UEFI Firmware – Security Concerns and Best Practices (Phoenix)
(no Abstract)

Strategies for Stronger Software SMI Security in UEFI Firmware (Insyde)
Avoid design errors and software coding pitfalls when implementing SMI handlers. Device manufacturers customize UEFI firmware using new runtime interfaces that are implemented using software SMIs. Heavy customization, tight deadlines and poor code implementation can accidentally allow malware to abuse the power of SMM. This session focuses on four common software SMI vulnerabilities and how to change your UEFI firmware and applications to avoid them.

Advances of UEFI Technologies in ARM Systems (ARM)
This session will discuss the ARM-related interfaces defined in the latest UEFI and ACPI specifications, the requirements of the UEFI and ACPI interfaces for the SBBR Specification, and the use of UEFI SCT and FWTS in the SBBR compliance test. Also, discussed will be the required UEFI interfaces for the embedded space when the separation of the device and OS development is desired.

Introduction to the Self-Certification Test (SCT) in UEFI World (Canonical and Intel)
The UEFI Test Working Group (UTWG) endorses two test suites: Firmware Test Suite (FWTS) and the UEFI Self-Certification Test (SCT). FWTS is focused on validating Linux compatibility, and is endorsed by UTWG for ACPI validation. The UEFI SCT is designed to validate firmware and driver behavior per the UEFI Specification. This session demonstrates the operation of both tools, and discusses how they use open source models to improve test quality.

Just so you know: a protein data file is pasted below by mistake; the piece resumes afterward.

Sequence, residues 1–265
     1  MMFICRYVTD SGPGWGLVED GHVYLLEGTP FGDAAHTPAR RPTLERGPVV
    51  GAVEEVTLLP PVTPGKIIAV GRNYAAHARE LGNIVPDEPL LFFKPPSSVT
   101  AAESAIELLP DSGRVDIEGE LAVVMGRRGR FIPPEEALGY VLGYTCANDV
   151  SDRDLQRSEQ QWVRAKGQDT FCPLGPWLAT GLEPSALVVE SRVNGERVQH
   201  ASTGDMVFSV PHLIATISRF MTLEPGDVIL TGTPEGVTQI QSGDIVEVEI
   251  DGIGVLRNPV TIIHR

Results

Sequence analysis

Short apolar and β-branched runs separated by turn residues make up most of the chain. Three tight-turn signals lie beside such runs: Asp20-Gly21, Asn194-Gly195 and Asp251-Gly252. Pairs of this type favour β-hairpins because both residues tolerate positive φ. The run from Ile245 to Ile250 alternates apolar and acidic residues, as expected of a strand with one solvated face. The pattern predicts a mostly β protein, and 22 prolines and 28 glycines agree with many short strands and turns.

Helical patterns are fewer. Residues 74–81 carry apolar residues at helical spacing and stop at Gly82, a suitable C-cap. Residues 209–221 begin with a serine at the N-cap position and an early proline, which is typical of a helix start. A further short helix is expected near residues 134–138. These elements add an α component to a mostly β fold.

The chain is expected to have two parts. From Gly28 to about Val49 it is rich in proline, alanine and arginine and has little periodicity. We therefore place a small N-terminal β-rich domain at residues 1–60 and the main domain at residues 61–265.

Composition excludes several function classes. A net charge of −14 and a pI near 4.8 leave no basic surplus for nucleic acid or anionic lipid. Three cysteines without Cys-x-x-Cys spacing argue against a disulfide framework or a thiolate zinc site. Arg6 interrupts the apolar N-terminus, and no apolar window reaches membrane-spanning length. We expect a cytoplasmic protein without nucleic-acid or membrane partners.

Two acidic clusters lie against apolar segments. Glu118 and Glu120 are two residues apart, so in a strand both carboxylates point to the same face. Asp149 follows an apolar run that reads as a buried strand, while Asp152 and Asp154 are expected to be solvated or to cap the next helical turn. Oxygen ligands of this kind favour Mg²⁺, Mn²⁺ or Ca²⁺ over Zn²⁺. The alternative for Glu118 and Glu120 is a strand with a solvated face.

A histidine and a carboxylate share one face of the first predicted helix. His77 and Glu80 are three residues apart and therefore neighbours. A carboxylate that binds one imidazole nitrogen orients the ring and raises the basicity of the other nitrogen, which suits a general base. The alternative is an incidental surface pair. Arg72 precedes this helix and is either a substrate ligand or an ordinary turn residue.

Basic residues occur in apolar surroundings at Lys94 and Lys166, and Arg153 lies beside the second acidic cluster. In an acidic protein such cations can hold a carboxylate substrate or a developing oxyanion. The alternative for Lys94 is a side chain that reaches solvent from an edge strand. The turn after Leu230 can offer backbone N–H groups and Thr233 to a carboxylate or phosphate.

Firmware Test Suite Introduction: Uses, Development, Contribution and GPL (Canonical)
Firmware Test Suite (FWTS) is the recommended ACPI 6.1 Self-Certification Test (SCT). This command line tool is easy to use and provides explanatory and informative. Its open-source nature allows developers to add new tests easily, and many code examples such as ACPI, UEFI and SMBIOS are available for references. Code contribution are appreciated and technical discussion and code reviews on the mailing list are answered by an active community. As licensed by GPL, FWTS ensures it is available and suitable to everyone who wants to use it publicly and privately.

NFC and UEFI (AMI)
NFC is a technology that has permeated many aspects of everyday life. Using NFC, you can now pay with your phone or enter secure building areas. However, the UEFI specification lacks any implementation of NFC. AMI will cover a proposed solution for NFC implementation in UEFI, how to best fit NFC into the UEFI specification, and potential use cases.

Edk2 Platforms Overview (Linaro)
For a couple of years now, the Linaro OpenPlatformPkg repository has been used to collate a number of (at least partially) open source EDK2 platform ports. However, with a now properly defined process for the TianoCore edk2-platforms and edk2-non-osi repositories, these platforms are now moving over there and OpenPlatformPkg. This session will discuss the process, the current state of things and the practicalities of working with edk2-platforms.

UEFI Manageability and REST Services (HPE and Intel)
With the increase in platform firmware complexity and capabilities, there is an increased need to standard firmware manageability is increasing. The UEFI 2.7 Specification defines REST services to provide secure solutions for managing modern platforms. This session describes enterprise configuration scenarios, discusses implementation gaps in the UEFI specification, and proposes enhancements related to vendor-specific REST services.